How to be a better strategist – part 2 (what other strategists do)

Posted on 28/06/2018

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At the moment I’m deep into how people practice strategy.

My last post (How to be better at strategy – strategy for non strategists) suggested a few habits and ways of thinking that can help you evaluate a situation, form a strategy and prioritize. Now I’m making a start on what strategists do that makes them good at strategy. For example, what skills do people need to keep sharp to make them better at what they do? What (good) habits do they establish which gives them more smarts / a reserve of ideas / greater cerebral agility?

Here are some thoughts of my own, but I’d love to hear yours below:

1. Feed your curiosity

The fundamental trait of strategist and planners I know (and work with) is curiosity. Curiosity about things, people, and what causes them to be the way they are. You can’t get on without the desire to ask questions and formulate answers. So finding things out and learning comes top of my list of behaviours planners /strategists need to develop.

How and where people do this people learn differs. Heather Lefevre’s biannual survey of strategists shows the diversity (but also convergence) of where people go to for information.

Faris Yakob shows something similar with his idea of a balanced media diet:

Ideas and opinions are abundant in the planning community. Whether it’s the Exponential View, or Genius Steals there’s a shed-load of places to binge on information – just go looking.

2. Learn from what works (and what doesn’t)

Most industries celebrate their achievements, none more so than the marketing industry. But there’s a lot you can learn from industry awards (not least, how to present and sell your work). I’m especially interested in effectiveness awards: the Cannes Lions Effectiveness Awards, the Effies and the IPA Effectiveness awards – because they’re doing what we all should which is use creativity to improve business performance.

That said, we’re very bad at looking at and learning from failure. This brilliant article makes the point for me: we’re succumbing to survivor-ship bias if we only learn from work that wins awards. Hoping we will see a #fuckups awards ceremony appear some time soon…

3. Digest information and practice telling a simple story

Reading and watching are good. But to really internalize something and form an opinion about it, you have to process it. For me, that’s in the form of writing. For others, it might be drawing/ visualising a concept; others might talk through it. Whatever works for you, but keep at it. Do it every week, if not every day.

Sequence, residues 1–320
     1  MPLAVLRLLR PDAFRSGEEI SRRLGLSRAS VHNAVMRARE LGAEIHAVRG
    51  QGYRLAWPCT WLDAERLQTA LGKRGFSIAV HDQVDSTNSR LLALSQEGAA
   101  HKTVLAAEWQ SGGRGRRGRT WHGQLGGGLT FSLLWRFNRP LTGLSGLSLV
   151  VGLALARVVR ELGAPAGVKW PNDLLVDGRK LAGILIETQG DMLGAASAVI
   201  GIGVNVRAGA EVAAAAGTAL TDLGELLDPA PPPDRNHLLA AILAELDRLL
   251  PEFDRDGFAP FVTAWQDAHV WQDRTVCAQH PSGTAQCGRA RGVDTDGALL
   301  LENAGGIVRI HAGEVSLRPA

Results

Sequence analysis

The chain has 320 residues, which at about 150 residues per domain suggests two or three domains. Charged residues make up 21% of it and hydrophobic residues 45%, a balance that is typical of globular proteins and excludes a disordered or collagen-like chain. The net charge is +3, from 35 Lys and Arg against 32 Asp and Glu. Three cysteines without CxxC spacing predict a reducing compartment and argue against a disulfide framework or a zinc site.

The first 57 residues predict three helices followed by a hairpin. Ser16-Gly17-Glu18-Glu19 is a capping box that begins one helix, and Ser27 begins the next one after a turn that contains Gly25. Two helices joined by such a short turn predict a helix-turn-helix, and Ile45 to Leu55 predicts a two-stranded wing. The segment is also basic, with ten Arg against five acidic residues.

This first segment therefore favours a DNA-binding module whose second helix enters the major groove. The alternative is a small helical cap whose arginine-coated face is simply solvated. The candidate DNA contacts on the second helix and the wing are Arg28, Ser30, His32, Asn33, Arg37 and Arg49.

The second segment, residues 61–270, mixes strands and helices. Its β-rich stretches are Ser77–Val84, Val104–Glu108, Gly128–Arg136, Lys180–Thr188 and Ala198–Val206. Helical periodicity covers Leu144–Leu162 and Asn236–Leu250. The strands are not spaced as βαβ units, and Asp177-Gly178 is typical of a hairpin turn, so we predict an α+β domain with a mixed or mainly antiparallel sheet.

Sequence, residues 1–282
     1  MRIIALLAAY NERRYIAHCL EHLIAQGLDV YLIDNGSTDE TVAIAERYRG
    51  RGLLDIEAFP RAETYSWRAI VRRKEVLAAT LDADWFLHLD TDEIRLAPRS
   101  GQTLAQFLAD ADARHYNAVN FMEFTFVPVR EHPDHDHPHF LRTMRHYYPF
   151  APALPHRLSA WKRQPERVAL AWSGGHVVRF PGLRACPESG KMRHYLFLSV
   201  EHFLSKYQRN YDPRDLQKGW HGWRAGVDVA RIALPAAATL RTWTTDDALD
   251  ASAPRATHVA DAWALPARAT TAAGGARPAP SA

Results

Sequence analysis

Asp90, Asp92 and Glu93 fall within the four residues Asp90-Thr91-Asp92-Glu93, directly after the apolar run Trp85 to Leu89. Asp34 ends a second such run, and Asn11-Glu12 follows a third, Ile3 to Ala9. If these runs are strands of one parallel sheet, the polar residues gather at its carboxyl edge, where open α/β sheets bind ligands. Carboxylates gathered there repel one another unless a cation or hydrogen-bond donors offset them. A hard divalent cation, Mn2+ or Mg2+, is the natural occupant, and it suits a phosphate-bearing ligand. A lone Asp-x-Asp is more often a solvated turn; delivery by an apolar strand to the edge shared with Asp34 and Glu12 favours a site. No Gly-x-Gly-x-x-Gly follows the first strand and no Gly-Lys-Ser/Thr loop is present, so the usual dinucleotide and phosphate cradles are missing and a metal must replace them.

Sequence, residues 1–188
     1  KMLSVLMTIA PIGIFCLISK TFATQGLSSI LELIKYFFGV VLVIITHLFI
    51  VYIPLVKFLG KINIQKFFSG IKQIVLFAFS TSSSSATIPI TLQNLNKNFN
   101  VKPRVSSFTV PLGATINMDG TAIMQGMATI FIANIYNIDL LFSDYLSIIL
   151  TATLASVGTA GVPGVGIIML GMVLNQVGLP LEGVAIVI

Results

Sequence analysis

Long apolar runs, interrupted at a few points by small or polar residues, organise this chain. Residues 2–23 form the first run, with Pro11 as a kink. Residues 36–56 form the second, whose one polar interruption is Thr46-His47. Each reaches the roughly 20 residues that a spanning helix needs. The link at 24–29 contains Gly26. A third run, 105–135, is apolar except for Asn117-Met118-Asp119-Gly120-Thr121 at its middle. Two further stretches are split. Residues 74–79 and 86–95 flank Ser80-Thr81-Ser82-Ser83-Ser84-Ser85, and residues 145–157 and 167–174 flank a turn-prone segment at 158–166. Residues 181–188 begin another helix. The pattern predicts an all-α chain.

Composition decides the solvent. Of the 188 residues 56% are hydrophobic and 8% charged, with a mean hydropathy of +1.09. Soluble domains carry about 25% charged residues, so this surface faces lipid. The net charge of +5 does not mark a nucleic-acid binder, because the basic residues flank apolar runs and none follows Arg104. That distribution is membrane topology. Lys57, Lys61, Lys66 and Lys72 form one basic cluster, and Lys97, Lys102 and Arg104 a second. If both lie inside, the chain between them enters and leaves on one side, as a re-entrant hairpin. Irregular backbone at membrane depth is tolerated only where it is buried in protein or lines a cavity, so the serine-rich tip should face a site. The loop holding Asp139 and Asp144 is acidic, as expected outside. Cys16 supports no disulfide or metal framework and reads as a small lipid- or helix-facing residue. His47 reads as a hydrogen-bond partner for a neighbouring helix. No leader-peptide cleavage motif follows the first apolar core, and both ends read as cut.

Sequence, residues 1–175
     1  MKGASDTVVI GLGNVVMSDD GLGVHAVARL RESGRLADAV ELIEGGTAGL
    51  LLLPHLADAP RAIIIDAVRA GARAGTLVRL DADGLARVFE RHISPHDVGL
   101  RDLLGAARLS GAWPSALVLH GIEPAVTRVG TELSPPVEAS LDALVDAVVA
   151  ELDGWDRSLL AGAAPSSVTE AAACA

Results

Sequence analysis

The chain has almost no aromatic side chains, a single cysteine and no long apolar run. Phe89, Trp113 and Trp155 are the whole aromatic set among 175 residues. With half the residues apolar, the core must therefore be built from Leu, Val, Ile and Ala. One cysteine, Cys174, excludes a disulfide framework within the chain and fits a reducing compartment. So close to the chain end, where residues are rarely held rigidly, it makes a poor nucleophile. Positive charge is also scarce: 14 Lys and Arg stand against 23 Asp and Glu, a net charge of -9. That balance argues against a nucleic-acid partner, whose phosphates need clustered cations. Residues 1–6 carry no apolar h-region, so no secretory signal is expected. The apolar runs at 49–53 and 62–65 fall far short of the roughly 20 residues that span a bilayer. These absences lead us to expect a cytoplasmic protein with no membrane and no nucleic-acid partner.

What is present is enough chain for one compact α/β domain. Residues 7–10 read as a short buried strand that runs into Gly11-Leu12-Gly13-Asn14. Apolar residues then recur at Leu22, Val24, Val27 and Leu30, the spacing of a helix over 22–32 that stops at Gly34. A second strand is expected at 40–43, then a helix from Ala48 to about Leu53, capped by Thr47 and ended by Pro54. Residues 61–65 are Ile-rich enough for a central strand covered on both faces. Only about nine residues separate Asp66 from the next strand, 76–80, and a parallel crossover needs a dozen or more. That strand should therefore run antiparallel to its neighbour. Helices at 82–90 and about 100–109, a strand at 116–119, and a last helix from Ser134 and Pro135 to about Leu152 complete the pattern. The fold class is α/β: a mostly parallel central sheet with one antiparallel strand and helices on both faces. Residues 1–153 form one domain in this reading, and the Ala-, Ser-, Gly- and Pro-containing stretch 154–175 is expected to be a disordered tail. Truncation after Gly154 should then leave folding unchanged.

4. Stay observant to change

I’ve developed a weird habit of looking back through my social media feeds, looking for patterns in what I say, share and read. It started as workshop preparation work for a colleague (the brilliant Leigh Householder). Here’s how it works:

  1. Reflect on what you’ve been reading, saying, liking and consuming over the past 6 months:
    1. How has this changed?
    2. What patterns can you see?
    3. What new behaviours are you noticing?
  2. Each of these is a ‘clue’; many clues layer up to form a trend:
    1. What things do these clues have in common?
    2. What do they mean about how we now communicate / live / work?
    3. And what might these mean for the near future?

I try to look back every 6 months or so (along with reading a lot of different “trends” reports) to get a feel for how people, communication and technology might be changing. It’s not about predicting the future; it’s to better understand the present so we can decide how we might shape the future.

5. Find your Weird

While I’m a bit interested in where people look for ideas (the most popular sources are pretty clear from Heather’s slides), I’m more interested in where they find their Weird: alternative approaches, and niche thinking. If we all followed the same information diet, and consumed the same ‘industry think’, our own ideas would be a lot less colourful. Instead, I believe it’s essential we look to different walks of life, schools of thought and sub-cultures to find something unusual. Of course, you need to understand what your peers think, but not so much that you arrive at identical conclusions every time. You want something weird and alternative in there too. Hence why I’m a fan of the writers of Culture Digitally and Real Life.

Ideas, please!

I’d love to know what other people think and do. Which habits make you a better strategist?

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